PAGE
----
Colorado’s specialty crop industry receives $850,000 in USDA grant funds
BROOMFIELD, Colo. — The Colorado Department of Agriculture is pleased to announce the recipients of more than $850,000 in grant funding to support Colorado’s specialty crop industry.
Specialty crops include fruits and vegetables, tree nuts, and horticulture, greenhouse, and nursery plants. This year’s recipients are diverse in crop, location, and project scope, and include ongoing projects as well as multiple first-time applicants.
First-time awardee GoFarm, a not-for-profit organization in Golden, who will use the funding to create a farmer-to-farmer mentorship network to help train the next generation of specialty crop producers. “This funding will allow us to expand our mentorship and educational support for beginning farmers as they build sustainable farming businesses,” said Katie Huszcza of GoFarm.
Montezuma Orchard Restoration Project in Cortez, has received multiple SCBGP grants in the past, and with this year’s funding will continue to build on the work of previous projects. “Support from SCBGP has been instrumental in MORP’s achievements to locate, identify, and preserve hundreds of heritage apple varieties found in Colorado’s historic orchards,” said Addie Schuenemeyer, MORP co-director. “This includes work to bring back the rediscovered Colorado Orange apple to make it available to consumers who are requesting it.”
The Specialty Crop Block Grant Program is a federal grant program housed within the U.S. Department of Agriculture and administered by state departments of agriculture. The amount awarded to each state is based on the previous year’s cash receipts for specialty crops in the state.
Through a competitive review by an outside panel of experts, 12 of the 29 applications submitted were selected for funding this year. “Interest in the program this year was strong, and the applicant pool was highly competitive,” said Jennifer Benson, grants specialist at CDA who oversees the Specialty Crop Block Grant Program.
The following awarded projects will begin in early 2021:
Colorado State Univ., Fort Collins
• $90,327 for continuing research on Cytospora canker, the most prevalent peach disease affecting Colorado peach producers. This project will establish a chemical management plan for the management of Cytospora, measure spread under different watering methods, and measure effects of mulched infected pruned branches.
• $81,148 to oversee and conduct research and supply technical support and outreach to Colorado specialty crop producers to stimulate innovation, competitiveness, and success. This project pays a part of the salary of the CSU specialty crops coordinator and convenes grant recipients to share information and learn from each other.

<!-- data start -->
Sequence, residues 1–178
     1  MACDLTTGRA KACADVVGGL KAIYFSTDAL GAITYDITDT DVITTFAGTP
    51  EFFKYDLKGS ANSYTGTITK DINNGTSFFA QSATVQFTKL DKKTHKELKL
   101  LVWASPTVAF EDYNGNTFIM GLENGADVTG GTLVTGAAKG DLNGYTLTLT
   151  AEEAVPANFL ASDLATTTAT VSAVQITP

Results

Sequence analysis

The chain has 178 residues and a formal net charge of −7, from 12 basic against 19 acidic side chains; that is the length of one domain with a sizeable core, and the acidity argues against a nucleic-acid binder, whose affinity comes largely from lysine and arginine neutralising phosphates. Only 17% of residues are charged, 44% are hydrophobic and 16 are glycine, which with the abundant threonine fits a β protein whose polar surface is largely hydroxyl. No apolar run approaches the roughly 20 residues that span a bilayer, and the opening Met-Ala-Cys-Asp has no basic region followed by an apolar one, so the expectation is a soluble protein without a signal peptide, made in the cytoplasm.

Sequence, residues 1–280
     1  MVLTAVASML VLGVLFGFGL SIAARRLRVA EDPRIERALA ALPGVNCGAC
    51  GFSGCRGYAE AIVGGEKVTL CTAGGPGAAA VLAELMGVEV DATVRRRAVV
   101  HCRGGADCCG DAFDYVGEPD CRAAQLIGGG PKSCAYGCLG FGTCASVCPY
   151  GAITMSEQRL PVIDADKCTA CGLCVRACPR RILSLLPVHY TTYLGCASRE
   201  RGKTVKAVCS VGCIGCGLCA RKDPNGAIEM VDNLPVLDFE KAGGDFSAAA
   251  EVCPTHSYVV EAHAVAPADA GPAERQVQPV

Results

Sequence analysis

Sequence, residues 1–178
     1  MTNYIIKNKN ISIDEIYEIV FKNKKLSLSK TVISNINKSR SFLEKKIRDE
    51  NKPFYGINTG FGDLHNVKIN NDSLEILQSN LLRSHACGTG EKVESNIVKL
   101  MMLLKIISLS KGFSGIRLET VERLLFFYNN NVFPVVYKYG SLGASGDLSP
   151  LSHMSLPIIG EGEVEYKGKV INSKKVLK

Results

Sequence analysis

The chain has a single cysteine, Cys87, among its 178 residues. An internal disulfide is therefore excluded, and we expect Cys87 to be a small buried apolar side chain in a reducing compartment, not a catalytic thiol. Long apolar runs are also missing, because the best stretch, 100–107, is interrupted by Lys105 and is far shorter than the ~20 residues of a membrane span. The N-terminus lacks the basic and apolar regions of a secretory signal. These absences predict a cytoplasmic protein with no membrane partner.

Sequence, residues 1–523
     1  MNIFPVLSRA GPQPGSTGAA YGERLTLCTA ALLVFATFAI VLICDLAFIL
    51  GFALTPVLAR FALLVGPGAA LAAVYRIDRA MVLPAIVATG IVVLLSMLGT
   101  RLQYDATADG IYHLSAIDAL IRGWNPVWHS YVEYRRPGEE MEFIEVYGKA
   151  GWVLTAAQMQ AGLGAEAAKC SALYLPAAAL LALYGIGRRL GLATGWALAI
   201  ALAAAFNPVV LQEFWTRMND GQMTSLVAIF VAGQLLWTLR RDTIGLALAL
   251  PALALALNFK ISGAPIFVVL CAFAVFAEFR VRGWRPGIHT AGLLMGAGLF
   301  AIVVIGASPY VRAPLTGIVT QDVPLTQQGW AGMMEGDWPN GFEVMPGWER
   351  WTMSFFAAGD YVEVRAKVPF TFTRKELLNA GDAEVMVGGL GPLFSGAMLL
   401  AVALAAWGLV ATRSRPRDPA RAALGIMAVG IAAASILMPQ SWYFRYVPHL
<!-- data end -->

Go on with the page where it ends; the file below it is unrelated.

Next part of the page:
• $37,635 to evaluate the cold hardiness of different peach cultivars across the five most important peach growing regions of Colorado and to share results with growers.
• $30,475 to evaluate different sweet cherry tree canopy architectures that optimize orchard productivity and fruit quality, and to share results with producers.
Montezuma Orchard Restoration Project, Cortez
• $87,000 to preserve Colorado’s rare and endangered apple genetics and to diversify the selection of varieties which have varying genetic traits such as drought tolerance and insect and disease resistance.
• $78,745 to create 12 grower guides for growing a variety of specialty crops at elevation, addressing the unique challenges of short growing season, arid conditions, water scarcity, clay soils, cool nights, early frosts, and widely variable weed and pest pressure.
Colorado Potato Administrative Committee, Monte Vista
• $72, 238 for two efforts: to explore the use of seven different biopesticides by potato growers in the San Luis Valley as a means to promote environmental stewardship, and to provide Colorado public schools with access to and education on Colorado potatoes.
Colorado Dept of Agriculture, Broomfield
• $71,000 to promote Colorado produce to 19,000 attendees from more than 60 countries at the Produce Marketing Association Fresh Summit Expo in 2021 through the development of a Colorado Pavilion.
Colo. Farmers Market Assoc., Denver
• $62,127 to provide business development training for farmer vendors and year-long, coordinated marketing support for farmers and market managers.
• $58,914 to help farmers grow high-value organic chickpeas by determining which varieties are most successful, when to plant, and how to manage weeds.
Colorado Fruit and Vegetable Growers Assoc., Longmont
• $53,424 for marketing and promotion of Colorado specialty crops through consumer tours, youth education, and social media outreach, as well as to develop educational opportunities for beginning and small-scale producers.
• $39,351 to assist young and beginning farmers by developing a robust network of experienced farmer mentors and a regional alliance for farmer training. ❖